Tuesday, 20 October 2020

Work Placement at Moulton College Equestrian Centre - Eve Herne


My name is Eve Herne and I’m currently completing a six month work placement at Moulton College Equestrian Centre, mostly in the Equine Therapy Centre. This work placement is part of the practical ‘sandwich year’ of my BSc (hons) Veterinary Physiotherapy degree I am doing at Harper Adams University.

I have already completed two years of my degree before coming to Moulton which gives me an amazing opportunity to put my theoretical knowledge into practice.

I was lucky enough to be able to start my placement in July despite COVID-19 which meant I was straight in helping with yard duties looking after the college horses as well as assisting in the Equine Therapy Centre.

I have learnt masses about horse locomotion, rehabilitation and the benefits of hydrotherapy for very different types of horses. Clients in the Equine Therapy Centre range from Shetland ponies to huge event horses and this variety has helped me to understand how equine anatomy and exercise can work hand in hand to create a fitter, healthier and happier horse all round no matter what their level of ridden work.

Another important aspect of the therapy sessions is ensuring both horse and owner have a nice time. Communication is key and the staff at Moulton College are amazing at reassuring the horses and keeping the owners completely up to date on how the horse is looking and working during their session as well as providing recommendations of a tailored exercise plan so the therapy sessions are as beneficial as possible.

The aqua-treadmill is the perfect exercise for almost all horses as they have to maintain a constant rhythm, balance and engage their core. The tactile stimulation of the water on the horse’s coronet band forces them to pick their legs up and over the water creating a rounded shape and building muscle along the top line and in the hind end.

Swimming in the pool is excellent fitness work especially for horses that cannot do canter work over ground due to being unable to handle concussive forces on their legs. The equine cold salt water spa is used mostly for alleviating inflammation in the immediate stages after an injury. I have been lucky enough to watch and assist with horses using all of these different types of therapies and learnt the best way to handle the horses especially if it is their first ‘taster’ session.

As well as the therapy sessions I have been able to help out with daily horse care for the college horses including feeding, poo picking, yard maintenance and I was lucky enough to be able to ride some of the lovely college horses in order to bring them back into work for the students to ride in September.

My aims for this placement are to improve my horse handling skills, improve my interpersonal communication skills and to further my understanding of equine anatomy, locomotion and rehabilitation as well as horse management.


Sunday, 30 August 2020

Lottie - Case Study

Irish Sports Horse
Dressage/ Allrounder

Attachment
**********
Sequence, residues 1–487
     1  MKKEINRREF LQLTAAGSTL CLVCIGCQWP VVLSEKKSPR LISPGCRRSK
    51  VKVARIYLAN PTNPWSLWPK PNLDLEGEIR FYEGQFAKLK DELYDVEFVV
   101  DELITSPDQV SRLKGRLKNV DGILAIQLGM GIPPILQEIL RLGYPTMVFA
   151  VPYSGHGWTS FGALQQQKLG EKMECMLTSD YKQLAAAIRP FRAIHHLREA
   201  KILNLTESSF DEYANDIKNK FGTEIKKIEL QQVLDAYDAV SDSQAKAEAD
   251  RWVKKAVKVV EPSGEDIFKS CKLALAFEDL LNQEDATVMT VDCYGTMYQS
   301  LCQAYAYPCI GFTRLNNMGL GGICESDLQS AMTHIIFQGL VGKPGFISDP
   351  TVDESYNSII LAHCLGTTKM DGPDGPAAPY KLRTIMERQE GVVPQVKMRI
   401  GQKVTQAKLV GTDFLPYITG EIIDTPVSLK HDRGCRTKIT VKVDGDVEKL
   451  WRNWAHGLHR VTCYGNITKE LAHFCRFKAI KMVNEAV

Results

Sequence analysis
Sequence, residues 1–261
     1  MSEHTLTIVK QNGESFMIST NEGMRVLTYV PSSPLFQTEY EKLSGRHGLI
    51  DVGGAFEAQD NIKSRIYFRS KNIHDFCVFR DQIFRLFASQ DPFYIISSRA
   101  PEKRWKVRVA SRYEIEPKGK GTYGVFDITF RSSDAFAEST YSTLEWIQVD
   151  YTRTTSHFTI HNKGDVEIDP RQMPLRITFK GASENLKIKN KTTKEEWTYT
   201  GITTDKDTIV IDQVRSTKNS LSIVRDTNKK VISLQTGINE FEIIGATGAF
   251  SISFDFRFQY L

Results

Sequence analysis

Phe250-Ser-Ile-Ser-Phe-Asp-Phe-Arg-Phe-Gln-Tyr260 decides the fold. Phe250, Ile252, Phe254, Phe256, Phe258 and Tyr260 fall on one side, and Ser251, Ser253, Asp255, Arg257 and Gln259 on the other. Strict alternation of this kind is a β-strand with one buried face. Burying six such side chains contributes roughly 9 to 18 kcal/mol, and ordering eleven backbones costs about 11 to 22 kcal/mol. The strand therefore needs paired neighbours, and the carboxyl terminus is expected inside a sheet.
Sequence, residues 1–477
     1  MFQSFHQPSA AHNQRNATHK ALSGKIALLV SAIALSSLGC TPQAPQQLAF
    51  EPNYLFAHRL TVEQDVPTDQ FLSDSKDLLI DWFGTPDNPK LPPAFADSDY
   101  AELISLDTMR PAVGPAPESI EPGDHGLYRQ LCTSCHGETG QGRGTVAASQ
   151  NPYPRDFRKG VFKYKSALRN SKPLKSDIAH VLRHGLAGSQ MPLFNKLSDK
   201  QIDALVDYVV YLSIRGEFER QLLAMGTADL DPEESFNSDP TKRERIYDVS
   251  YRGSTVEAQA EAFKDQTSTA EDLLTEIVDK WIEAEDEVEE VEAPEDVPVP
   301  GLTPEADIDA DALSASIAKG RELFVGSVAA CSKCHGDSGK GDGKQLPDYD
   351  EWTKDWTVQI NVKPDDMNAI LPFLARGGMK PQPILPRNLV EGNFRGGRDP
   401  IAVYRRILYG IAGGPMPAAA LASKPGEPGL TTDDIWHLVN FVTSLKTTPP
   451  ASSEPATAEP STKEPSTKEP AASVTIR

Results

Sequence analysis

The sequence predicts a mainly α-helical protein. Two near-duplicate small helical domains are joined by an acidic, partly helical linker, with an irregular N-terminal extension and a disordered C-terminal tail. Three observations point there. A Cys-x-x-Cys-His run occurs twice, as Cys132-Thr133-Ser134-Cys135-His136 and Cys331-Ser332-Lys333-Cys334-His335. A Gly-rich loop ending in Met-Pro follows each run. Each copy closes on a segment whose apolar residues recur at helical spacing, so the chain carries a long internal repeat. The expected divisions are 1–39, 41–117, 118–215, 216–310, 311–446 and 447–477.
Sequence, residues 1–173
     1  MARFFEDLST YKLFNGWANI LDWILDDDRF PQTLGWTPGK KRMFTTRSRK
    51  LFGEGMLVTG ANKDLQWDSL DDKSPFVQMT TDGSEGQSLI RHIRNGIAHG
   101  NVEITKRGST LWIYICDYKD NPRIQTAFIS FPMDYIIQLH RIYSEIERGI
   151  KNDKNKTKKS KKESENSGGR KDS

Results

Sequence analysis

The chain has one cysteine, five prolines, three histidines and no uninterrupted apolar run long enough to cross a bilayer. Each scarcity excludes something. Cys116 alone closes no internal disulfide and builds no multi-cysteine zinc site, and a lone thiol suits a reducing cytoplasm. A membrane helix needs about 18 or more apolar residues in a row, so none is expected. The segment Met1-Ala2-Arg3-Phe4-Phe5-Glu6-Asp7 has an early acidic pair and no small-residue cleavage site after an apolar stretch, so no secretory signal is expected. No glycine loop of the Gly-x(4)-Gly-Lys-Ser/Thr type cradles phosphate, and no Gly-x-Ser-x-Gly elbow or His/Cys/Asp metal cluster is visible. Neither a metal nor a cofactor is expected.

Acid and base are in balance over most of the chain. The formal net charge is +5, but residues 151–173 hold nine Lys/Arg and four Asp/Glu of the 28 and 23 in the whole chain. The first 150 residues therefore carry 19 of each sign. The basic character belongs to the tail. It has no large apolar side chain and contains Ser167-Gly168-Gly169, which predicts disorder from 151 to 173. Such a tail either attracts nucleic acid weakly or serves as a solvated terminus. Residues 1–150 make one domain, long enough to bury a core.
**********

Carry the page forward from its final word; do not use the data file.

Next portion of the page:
OWNER: Ruth Ofield

Ruth bought Lottie five years ago from a local riding school after having regular lessons together. The pair competed in a few unaffiliated dressage competitions where they started to show some promising results. The following year Ruth decided to affiliate to British Dressage, quickly going up through the levels and regularly gaining fantastic scores of over 70%. Lottie is actually a brilliant allrounder as she also a loves to jump, enjoys a hack and has proved bold on the hunting field. Ruth planned on competing Lottie at medium level British Dressage in the 2020 season.

Ruth decided to bring Lottie to Moulton Equine Therapy Centre in March 2020. With the lambing season ahead and a busy work schedule Ruth did not think she would be able to maintain Lottie’s fitness regime for the coming competition season. Lottie had been swimming and used an aqua treadmill before so there was no doubt that she would cope well with the programme that we designed for her.


Lottie stayed at the Equine Therapy Centre for two weeks. Her comprehensive programme consisted of working in deep water on the aqua treadmill to increase hind limb engagement and build core strength and condition along with a tailored swimming programme to increase her cardiovascular fitness. At the weekends, Ruth took advantage of our off road hacking so Lottie had a very varied and pretty intense work programme during her stay.

Lottie on the aqua treadmill -          

Lottie swimming -                          





Whilst we appreciate that photographic evidence can be very subjective to lots of factors, we do think these photos of Lottie show an increase in muscle tone particularly over the hind quarters                    

This year has been very disappointing for most in the equestrian industry and is particularly frustrating for Ruth as an owner that was so committed to her horse’s development and wellbeing that her extra effort in sending her horse to a centre such as ours to kickstart her season essentially ended with Lottie being turned away while the county was in lockdown